History of Verma Kalai
According to the mythological sources and the legends Lord Shiva was the master of this art form who had taught this art form to his son Lord Murugan and Lord Murugan again taught this art to the sage Agastya, foremost of the Siddhar's, during the times of Sangam Literature. He transferred the knowledge of this art to other Siddhar's and he also wrote treatises on this art in Tamil. The presence of shrines to Agathiar in Courtallam suggests that he researched the art there.
Varma Kalai is lineally incorporated into the new and advanced forms Kuttu varisai and Adi Murai (Southern Kalari) and also in Silambam forms like guru salavarisai, salavarisai (various form) and tani-salavarisai (advance). Salavarisai even has names like salam-varisai, which means 'way of greetings or respects'. Knowledge of Varma Kalai was considered vital in all these arts to become a Grand Master. The teachers were named as Aasan and the grand masters were called as Periyaasan or Iyan.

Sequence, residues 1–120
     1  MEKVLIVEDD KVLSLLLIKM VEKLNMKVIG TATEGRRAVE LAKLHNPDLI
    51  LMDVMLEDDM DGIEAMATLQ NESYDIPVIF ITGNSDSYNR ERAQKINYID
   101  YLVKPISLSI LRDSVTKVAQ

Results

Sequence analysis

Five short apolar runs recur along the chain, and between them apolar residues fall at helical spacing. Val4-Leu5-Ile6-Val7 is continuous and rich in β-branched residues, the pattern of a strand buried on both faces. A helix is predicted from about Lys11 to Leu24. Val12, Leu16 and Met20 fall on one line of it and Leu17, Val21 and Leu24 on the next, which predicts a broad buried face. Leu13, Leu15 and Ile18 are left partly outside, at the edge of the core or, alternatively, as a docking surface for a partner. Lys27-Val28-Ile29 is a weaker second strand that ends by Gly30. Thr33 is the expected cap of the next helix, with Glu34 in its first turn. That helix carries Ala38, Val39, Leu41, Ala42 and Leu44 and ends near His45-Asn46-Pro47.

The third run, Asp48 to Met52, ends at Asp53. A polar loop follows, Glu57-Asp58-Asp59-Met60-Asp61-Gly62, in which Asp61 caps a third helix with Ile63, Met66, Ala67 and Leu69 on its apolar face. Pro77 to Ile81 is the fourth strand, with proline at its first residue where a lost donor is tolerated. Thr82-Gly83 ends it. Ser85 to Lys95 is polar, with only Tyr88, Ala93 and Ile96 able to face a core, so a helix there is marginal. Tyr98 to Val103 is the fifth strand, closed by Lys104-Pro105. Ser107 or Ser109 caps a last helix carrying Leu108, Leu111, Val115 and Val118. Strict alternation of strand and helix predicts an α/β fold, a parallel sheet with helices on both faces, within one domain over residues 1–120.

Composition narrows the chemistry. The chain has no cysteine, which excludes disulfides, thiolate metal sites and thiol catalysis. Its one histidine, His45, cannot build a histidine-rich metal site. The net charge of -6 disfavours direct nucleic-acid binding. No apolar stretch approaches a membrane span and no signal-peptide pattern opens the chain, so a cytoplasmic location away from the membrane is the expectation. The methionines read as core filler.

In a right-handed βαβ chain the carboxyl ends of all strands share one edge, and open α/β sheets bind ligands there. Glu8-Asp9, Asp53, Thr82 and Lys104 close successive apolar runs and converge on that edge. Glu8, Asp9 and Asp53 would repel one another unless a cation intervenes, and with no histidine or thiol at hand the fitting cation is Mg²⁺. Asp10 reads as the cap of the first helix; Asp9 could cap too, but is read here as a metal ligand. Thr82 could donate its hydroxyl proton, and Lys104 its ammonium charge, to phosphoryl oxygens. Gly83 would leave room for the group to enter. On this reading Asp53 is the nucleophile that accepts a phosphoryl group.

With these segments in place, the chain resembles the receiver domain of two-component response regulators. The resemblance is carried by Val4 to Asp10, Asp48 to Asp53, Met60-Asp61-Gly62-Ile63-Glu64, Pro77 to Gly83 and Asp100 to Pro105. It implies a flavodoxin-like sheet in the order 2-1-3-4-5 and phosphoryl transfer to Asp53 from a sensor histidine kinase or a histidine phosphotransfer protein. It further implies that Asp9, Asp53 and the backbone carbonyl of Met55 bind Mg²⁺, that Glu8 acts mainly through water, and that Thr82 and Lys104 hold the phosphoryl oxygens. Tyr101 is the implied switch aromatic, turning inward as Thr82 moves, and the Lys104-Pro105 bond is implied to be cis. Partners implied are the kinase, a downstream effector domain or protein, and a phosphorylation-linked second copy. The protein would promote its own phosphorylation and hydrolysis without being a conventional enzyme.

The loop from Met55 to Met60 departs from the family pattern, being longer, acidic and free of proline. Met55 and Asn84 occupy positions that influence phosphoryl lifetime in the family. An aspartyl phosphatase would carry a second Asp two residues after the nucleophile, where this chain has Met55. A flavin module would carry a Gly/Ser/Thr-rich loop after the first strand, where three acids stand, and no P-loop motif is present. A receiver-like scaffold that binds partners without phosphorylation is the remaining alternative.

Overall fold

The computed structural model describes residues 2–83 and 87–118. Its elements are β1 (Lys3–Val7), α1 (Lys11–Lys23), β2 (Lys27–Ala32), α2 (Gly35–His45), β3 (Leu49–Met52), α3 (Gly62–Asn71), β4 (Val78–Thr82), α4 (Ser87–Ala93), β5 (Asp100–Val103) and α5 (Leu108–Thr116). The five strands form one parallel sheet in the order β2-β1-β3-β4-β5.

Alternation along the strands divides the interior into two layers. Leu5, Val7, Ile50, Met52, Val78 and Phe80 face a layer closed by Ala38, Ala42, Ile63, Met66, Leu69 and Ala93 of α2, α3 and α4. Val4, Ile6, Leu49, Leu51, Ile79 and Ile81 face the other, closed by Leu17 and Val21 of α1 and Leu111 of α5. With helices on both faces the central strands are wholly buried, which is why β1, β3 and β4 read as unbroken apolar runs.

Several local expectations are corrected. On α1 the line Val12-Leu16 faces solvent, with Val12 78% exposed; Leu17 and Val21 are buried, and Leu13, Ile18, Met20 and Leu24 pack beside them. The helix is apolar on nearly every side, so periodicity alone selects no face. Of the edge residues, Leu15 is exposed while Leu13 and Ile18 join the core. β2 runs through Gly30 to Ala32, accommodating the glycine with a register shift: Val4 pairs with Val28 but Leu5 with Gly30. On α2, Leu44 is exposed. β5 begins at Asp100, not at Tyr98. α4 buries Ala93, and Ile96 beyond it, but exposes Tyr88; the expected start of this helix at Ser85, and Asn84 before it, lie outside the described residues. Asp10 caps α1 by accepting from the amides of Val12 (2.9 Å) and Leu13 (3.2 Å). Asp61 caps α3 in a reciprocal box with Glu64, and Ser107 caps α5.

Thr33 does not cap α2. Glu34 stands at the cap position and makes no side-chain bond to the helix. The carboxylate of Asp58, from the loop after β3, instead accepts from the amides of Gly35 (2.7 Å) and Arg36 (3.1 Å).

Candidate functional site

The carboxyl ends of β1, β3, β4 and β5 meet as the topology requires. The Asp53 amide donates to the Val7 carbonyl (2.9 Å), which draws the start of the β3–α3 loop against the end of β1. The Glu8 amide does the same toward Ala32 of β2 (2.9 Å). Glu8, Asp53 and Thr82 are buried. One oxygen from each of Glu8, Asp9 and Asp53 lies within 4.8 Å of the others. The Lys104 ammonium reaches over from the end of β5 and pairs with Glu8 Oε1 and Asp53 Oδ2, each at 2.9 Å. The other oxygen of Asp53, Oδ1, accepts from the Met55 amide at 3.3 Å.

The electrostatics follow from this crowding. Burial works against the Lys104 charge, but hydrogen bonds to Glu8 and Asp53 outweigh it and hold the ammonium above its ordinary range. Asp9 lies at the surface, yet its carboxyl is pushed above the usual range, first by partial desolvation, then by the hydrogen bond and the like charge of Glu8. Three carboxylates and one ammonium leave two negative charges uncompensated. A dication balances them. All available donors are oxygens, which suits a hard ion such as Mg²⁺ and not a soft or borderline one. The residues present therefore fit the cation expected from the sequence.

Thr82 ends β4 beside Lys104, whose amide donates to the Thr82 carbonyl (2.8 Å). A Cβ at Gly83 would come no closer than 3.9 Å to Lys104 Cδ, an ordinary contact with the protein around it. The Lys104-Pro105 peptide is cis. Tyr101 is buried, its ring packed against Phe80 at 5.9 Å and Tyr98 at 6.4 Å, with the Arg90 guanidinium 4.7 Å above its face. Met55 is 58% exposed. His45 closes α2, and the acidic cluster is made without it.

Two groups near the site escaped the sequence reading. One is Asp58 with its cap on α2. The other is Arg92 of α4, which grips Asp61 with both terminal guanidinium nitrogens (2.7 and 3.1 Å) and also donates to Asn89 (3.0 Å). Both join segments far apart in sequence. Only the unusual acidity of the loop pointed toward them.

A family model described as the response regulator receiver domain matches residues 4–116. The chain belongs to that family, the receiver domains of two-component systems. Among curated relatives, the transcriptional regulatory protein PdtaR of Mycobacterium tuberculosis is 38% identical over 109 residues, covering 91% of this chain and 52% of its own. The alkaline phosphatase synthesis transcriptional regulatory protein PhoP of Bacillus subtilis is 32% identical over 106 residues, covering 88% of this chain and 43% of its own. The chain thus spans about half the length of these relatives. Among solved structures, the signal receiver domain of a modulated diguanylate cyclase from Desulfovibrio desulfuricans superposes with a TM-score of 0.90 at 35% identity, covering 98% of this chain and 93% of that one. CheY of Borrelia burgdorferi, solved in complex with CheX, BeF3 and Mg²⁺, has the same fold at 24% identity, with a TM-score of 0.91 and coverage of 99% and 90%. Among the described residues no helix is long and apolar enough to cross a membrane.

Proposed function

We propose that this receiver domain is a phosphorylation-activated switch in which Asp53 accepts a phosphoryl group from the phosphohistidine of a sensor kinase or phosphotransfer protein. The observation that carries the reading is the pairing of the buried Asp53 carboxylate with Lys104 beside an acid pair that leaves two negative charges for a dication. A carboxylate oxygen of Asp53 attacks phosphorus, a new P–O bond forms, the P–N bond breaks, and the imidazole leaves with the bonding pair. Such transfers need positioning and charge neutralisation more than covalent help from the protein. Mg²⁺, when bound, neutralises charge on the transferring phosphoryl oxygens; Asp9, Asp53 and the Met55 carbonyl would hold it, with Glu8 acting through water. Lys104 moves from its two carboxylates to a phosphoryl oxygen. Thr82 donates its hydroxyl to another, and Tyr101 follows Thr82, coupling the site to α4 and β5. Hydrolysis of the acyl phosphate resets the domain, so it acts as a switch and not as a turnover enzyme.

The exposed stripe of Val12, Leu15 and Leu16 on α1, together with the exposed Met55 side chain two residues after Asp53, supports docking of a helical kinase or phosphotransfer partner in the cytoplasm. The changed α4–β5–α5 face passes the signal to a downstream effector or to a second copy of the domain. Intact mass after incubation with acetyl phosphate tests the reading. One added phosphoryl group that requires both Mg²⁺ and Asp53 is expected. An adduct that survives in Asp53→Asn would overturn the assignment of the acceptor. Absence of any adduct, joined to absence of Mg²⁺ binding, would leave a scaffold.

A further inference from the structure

The art was taught only to selected individuals, by giving prominence to but due to the strict requirements for new students it never gained large numbers of adherents. Due to its secretive nature, Varma Kalai remained largely unknown even in India until the release of the movie Indian, in which Kamal Haasan played the role of a Varma Kalai expert. The film's popularity generated a resurgence of interest in the art.
Currently Varma Kalai is practised in Tamil Nadu and Kerala, usually as part of Kuttu varisai and Kalari training.
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